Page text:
Following a plant-based diet while limiting consumption of foods high in saturated fat and animal products, can slow down heart failure (HF) and ultimately lower the risk of cognitive decline and dementia, researchers from the Boston University School of Medicine found.
Heart failure (HF) affects over 6.5 million adults in the US. In addition to its detrimental effects on several organ systems, the presence of HF is associated with a higher risk of cognitive decline and dementia. Similarly, changes in cardiac structure and function that precede the appearance of HF are associated with poor cognitive function and cerebral health.
The adoption of diets, like the Mediterranean diet (MIND) and the Dietary Approaches to Stop Hypertension (DASH), which are characterized by high intakes of plant-based foods are among lifestyle recommendations for the prevention of HF.
However, if a dietary pattern that emphasizes foods thought to promote the maintenance of neurocognitive health also mitigates changes in cardiac structure and function has been unclear until now.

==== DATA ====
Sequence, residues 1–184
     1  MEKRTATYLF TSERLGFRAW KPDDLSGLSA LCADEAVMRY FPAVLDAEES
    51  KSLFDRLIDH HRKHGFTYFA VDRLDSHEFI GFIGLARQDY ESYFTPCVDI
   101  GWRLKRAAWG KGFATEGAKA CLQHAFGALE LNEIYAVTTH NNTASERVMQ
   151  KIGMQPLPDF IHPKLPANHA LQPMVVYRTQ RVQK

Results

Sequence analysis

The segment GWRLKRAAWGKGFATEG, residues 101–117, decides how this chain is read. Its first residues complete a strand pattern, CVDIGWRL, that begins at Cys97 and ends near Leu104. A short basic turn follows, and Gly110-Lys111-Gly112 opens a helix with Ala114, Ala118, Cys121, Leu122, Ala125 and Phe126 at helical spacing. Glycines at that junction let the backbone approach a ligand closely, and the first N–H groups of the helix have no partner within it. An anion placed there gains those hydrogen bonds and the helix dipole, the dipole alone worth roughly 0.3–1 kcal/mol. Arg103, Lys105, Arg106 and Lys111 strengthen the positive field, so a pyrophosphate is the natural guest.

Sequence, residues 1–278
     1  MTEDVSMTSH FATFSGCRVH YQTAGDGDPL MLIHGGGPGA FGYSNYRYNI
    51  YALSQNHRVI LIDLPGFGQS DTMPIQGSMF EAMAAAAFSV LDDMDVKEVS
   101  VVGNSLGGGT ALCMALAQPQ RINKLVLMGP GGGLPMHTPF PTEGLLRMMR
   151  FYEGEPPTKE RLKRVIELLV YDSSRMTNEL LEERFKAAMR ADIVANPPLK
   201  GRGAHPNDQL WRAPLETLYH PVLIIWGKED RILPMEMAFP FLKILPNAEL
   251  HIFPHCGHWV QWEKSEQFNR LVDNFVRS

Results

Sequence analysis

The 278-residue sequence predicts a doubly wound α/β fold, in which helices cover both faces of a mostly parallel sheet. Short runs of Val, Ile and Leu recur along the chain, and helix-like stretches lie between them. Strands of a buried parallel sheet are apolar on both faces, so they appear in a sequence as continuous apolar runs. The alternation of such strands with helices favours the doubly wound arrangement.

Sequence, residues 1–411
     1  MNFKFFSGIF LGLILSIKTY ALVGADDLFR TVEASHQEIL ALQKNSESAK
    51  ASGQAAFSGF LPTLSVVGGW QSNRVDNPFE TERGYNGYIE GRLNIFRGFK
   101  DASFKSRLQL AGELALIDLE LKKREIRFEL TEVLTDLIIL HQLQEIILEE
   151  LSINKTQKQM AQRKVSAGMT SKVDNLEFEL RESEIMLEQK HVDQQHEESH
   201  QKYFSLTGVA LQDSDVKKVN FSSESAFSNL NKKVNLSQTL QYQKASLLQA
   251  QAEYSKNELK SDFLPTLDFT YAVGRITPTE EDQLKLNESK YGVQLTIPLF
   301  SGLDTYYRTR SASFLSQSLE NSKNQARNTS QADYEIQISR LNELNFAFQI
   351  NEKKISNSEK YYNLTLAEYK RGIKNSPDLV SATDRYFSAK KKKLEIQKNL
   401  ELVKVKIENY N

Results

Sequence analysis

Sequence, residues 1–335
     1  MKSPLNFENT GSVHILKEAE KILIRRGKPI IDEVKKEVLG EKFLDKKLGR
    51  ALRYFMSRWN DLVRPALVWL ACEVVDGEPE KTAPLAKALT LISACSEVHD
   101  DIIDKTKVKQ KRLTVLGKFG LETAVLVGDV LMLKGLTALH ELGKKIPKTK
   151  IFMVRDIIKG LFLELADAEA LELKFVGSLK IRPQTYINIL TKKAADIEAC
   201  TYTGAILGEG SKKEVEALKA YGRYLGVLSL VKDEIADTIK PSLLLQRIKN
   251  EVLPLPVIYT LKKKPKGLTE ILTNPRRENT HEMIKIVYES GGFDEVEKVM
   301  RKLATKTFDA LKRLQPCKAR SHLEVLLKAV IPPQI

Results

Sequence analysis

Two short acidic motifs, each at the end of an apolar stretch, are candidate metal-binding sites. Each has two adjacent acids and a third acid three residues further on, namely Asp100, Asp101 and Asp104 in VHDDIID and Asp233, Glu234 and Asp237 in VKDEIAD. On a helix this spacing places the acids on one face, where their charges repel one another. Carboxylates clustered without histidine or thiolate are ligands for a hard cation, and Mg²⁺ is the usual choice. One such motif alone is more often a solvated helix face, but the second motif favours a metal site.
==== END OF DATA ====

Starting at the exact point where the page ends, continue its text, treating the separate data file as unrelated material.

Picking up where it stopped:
The findings that appeared in the British Journal of Nutrition, shows that the MIND diet, which highlights the consumption of berries and green leafy vegetables while limiting intakes of foods high in saturated fat and animal products, positively benefited the hearts’ left ventricular function which pumps oxygenated blood throughout the body.
The researchers evaluated the dietary and echocardiographic data of 2,512 participants of the Framingham Heart Study (Offspring Cohort), compared their MIND diet score to measures of cardiac structure and function and observed that a dietary pattern that emphasizes foods thought to promote the maintenance of neurocognitive health also mitigates cardiac remodeling.
Previous studies have highlighted the importance of diet as a modifiable risk factor for cognitive decline and dementia, while “our findings highlight the importance of adherence to the MIND diet for better cardiovascular health,” explained corresponding author Vanessa Xanthakis, PhD, Assistant Professor of Medicine and Biostatistics at BUSM and an Investigator for the Framingham Heart Study.
Although Ms. Xanthakis acknowledges that following a healthy diet may not always be easy or fit with today’s busy schedules, people should make a concerted effort to stick to healthy eating to help lower the risk of disease and achieve a better quality of life.